Another development is that the largest banks have been considering what blockchain means for commercial real estate and what standards to set. “The banking industry is three or four years ahead of the commercial real estate industry on blockchain implementation and its ramifications,” Weikal says. “We need to get ahead of it. Otherwise, financial institutions may impose their standards on us.”
Commercial real estate professionals need to look ahead and begin creating new career paths within the new blockchain ecosystem, according to Camille Renshaw, CCIM, co-founder of Brokers+Engineers in New York City. The probable disruption in related commercial real estate industries makes change inevitable, and commercial real estate professionals should consider how to retain their position as advisers to their clients.
Through blockchain, brokers will have more data and still retain their knowledge of how to connect clients with the right properties. The combination of data analytics, AI, and blockchain gives brokers greater reach and more ability to find properties more quickly for those clients using Section 1031 exchanges and other investment tools, according to Renshaw.
“Using blockchain is like a business card in which you connect with your clients in three dimensions,” Renshaw says. “Look at the edges for new investment opportunities. Even as a traditional net lease brokerage business, B+E is able to leverage blockchain and AI to give us greater reach that can be used more intelligently for marketing and sales.”
The link to demographic behavior through these tools can open new marketing avenues for brokers. For an example in another industry, Harley-Davidson is using AI to learn new information about who buys and who buys again, and then using blockchain to connect those clients with their desires.
By applying that technique to commercial real estate, brokers can discover more clients who buy and buy again in order to connect them to the right property investments. “Blockchain allows us to work on the accessibility versus the execution of running our marketplace,” Hooper says. “How blockchain will change the day-to-day of commercial real estate professionals depends on the business they touch, which is often more than one aspect of the industry.”
New Source of Capital
by Sara S. Patterson
Cryptocurrencies are beginning to be used as capital for
commercial real estate properties. “As
cryptocurrencies gain more mainstream acceptance, I see the capital aspect of
blockchain growing as a form of payment for transactions,” says Samantha Ahuja, partner at
Morris Manning & Martin in Washington, D.C.
Using cryptocurrency for paying leases is just the
beginning. For example, Daren Hebold, CCIM, manages a parking garage with 600
people leasing parking spaces. As a pilot program, he likely will offer a
discount incentive to parkers who pledge payments through the smart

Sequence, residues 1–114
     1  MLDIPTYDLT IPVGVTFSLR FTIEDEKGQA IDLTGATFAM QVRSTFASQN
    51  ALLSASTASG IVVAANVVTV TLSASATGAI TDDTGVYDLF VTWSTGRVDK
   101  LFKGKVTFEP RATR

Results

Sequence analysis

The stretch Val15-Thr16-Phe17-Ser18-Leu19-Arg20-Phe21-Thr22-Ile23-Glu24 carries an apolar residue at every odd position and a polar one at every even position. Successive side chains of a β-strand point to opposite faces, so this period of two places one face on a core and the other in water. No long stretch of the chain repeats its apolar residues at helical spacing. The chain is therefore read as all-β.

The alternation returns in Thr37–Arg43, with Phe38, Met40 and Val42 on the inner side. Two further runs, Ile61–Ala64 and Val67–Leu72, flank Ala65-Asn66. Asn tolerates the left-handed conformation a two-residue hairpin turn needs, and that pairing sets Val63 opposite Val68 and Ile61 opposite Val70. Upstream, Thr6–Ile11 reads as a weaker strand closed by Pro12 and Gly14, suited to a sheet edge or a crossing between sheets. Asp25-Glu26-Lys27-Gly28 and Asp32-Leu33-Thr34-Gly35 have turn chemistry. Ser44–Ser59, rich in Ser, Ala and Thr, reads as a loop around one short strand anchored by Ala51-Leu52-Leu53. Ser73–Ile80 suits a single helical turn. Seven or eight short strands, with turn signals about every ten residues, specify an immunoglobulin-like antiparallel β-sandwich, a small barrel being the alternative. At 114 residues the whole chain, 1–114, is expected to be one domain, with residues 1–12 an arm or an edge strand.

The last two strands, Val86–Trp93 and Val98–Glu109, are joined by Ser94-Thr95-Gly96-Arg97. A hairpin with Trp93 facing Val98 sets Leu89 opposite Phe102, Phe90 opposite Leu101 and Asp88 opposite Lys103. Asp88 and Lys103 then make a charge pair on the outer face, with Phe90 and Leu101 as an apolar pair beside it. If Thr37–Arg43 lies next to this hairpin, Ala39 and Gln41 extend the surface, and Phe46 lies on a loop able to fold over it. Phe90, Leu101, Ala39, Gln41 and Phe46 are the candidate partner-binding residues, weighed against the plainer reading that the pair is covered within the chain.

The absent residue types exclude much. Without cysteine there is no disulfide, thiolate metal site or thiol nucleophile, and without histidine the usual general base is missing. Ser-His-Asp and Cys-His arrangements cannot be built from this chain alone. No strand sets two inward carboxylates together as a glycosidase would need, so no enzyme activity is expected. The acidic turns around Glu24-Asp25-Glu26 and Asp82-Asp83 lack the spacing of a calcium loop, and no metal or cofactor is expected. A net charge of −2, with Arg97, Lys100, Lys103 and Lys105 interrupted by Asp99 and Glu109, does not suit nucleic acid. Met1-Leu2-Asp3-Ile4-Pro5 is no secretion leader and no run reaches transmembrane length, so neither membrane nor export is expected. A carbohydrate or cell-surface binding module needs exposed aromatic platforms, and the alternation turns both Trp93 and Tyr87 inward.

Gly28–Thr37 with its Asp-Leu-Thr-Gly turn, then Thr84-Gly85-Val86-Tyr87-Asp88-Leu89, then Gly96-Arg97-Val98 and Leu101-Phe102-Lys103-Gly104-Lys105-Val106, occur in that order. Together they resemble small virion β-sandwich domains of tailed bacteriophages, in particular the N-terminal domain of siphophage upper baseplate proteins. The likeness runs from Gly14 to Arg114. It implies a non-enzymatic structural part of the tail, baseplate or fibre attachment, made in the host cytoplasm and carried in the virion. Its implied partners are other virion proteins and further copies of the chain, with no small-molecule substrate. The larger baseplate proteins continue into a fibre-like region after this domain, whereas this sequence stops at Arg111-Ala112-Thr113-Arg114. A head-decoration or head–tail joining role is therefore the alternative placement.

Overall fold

contract and their crypto wallet.
like this need a highly automated way to pay, which is perfect for
cryptocurrency application,” says
Hebold, president of LUX companies and managing director of LUXOLO Financial in
Portland, Maine. “In
time, people will adapt.”
He is retooling his brokerage firm to work with
cryptocurrency. “I am
totally convinced that private industry will issue cryptocurrency rather than
Some commercial real estate sectors may adapt more quickly
to the blockchain revolution. In hospitality, Ahuja sees blockchain being used
personal identification, which can include personal room preferences, meal
choices, and loyalty programs.
permits very detailed recordkeeping that’s
secure, allowing hotels to know their customers better,” Ahuja says. “While
in its infancy, my hope is that blockchain will create more avenues and make
payments and other processes more secure. Of course, blockchain cannot solve
everything, but hopefully it will further minimize hacking, such as what we
see happening with large companies holding our personal data.”
In other applications, Cook County in Illinois is using
blockchain to gain efficiency for property titles, while the city government in
South Burlington, Vt., is partnering with the blockchain startup Propy to store
land record management data. This pilot program’s
goal is to develop a more efficient, secure ledger for real estate
Whether governments or private industry develop blockchain
uses first, its implementation is coming. Commercial real estate professionals
need to be ready to participate in the blockchain revolution.
recommend firms that have interest in establishing and using blockchain
technology do not pursue it in a vacuum,”
Hebold says. “That is
not how this decentralized technology is being developed. Instead, join efforts
with the thriving development community where ideas and concepts are quickly
hashed out through the collective intelligence and experience of the developer